Heather Buffo is a Cleveland native, a recovering Bostonian, and an Austin newbie. Heather is the Venture Growth & Partnerships Lead at Republic where she works with partners in private investing to democratize access to capital for entrepreneurs. Heather studied neurobiology at Harvard University, and is a City Year Boston AmeriCorps alum. She likes to write for AG, drink Austin beer, and ride around town on her road bicycle. His name is Pippin. Say hello if you see them.

Business Entrepreneur

This startup makes managing remote internships easier for all

(BUSINESS ENTREPRENEUR) Internships during COVID are tough to manage for many employers, but Symba aims to present a unique solution.

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Internships could be becoming easier to facilitate remotely, wherever you are.

Internships are among the innumerable practices disrupted by the COVID-19 pandemic. Some might argue that the loss of the corporate version of hazing that defines many internships is not something to be mourned. But the fact remains that internships are crucial for both employers and employees. Fortunately, a company called Symba might have a solution: Remote internships.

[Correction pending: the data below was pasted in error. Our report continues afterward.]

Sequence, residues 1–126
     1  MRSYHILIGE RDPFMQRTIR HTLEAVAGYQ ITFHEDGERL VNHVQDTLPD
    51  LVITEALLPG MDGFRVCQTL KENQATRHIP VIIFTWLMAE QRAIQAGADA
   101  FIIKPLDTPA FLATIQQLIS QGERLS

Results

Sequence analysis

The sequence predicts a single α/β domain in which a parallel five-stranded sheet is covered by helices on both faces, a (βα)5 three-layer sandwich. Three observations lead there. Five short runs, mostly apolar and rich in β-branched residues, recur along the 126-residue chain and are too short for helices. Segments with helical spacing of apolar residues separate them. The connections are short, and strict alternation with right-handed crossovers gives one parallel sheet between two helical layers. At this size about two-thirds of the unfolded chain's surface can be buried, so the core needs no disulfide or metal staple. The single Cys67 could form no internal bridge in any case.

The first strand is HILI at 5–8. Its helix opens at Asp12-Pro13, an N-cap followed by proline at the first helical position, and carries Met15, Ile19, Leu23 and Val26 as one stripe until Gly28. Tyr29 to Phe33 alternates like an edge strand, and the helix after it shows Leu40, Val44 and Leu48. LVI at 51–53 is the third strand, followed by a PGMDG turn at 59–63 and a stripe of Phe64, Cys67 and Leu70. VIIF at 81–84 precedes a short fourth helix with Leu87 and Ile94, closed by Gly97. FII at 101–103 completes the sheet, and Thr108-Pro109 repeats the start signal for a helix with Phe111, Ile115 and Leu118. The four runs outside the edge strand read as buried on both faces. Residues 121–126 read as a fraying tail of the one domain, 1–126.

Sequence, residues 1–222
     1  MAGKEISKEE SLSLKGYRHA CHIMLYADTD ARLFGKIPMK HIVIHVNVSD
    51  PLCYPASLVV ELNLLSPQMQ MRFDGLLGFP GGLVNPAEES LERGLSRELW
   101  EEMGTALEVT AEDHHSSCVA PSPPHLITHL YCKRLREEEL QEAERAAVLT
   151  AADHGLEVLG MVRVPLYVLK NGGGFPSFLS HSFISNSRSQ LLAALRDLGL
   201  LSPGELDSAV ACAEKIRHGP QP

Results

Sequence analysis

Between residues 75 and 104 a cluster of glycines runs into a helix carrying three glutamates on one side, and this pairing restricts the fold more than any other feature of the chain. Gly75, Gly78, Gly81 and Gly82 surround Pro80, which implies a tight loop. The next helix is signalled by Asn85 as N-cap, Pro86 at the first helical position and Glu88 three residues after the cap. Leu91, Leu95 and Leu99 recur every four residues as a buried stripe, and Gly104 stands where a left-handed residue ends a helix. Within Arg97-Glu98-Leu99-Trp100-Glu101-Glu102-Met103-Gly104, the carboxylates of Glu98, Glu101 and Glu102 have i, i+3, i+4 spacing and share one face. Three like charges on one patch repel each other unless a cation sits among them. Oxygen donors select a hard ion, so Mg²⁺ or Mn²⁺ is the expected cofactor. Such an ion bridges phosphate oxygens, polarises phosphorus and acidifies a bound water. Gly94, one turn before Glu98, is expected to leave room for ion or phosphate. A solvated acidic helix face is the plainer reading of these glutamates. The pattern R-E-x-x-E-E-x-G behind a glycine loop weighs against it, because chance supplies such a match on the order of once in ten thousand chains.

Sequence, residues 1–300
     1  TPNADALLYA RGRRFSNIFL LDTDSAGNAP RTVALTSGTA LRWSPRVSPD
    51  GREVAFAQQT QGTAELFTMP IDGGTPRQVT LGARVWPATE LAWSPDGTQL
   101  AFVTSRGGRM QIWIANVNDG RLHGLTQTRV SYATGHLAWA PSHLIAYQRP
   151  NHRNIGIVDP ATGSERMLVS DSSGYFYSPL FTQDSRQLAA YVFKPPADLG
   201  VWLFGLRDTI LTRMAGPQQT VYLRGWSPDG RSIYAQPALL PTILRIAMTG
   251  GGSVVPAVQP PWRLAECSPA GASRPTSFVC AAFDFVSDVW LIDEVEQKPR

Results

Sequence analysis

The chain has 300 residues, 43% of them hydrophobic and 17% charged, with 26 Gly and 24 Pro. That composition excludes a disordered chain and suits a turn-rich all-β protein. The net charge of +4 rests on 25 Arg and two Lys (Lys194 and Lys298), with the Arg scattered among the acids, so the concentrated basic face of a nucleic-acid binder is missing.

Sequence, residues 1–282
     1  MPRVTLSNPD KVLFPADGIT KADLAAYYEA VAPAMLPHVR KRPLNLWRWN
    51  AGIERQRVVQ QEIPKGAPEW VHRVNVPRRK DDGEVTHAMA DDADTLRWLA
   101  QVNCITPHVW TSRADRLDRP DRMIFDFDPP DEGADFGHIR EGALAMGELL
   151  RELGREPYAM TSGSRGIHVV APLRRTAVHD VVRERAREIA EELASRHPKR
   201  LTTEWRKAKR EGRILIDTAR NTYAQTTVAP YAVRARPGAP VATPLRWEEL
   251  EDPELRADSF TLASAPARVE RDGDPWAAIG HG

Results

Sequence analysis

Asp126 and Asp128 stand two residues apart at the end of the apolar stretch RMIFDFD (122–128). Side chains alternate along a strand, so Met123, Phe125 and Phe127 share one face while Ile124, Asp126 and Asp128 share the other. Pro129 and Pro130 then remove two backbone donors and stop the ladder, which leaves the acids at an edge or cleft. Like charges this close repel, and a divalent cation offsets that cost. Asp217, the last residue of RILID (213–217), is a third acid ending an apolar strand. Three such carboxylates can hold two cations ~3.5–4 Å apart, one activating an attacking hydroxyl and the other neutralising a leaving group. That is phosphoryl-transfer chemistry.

It’s a simple, intuitive solution for the times. That’s why big-name industries like Robinhood and Genentech are turning to Symba for help in constructing their own digital internship platforms.

Symba is, in and of itself, akin to any employee management system. Prospective employees sign into their Symba account via the landing page of the company for whom they are interning, after which point they are able to review their workload for the day. They can also see communications, feedback, other profiles, group projects, and more; they can even access onboarding resources and tutorials for the company in case they get lost along the way.

The key difference between Symba and other management tools—such as Slack—is that Symba was built from the ground up to facilitate actionable experience for interns at little to no detriment to the company in question. This means that interns have a consistent onboarding, collaborative, and working experience across the board—regardless of which company they’re representing at the time.

Symba even has a five-star ranking system that allows employers to create and quantify areas of proficiency at their discretion. For example, if an intern’s roles include following up with clients via email or scheduling meetings, an employer could quickly create categories for these tasks and rate the intern’s work on the aforementioned scale. Interns are also able to ask for feedback if they aren’t receiving it.

While Symba doesn’t facilitate communications between interns, it does include Slack integration for the purposes of collaboration and correspondence as needed.

On the managerial side, employers can do everything from the previously mentioned rating to delegating tasks and reviewing reports. All data is saved in Symba’s interface so that employers have equal access to information that might inspire a hiring.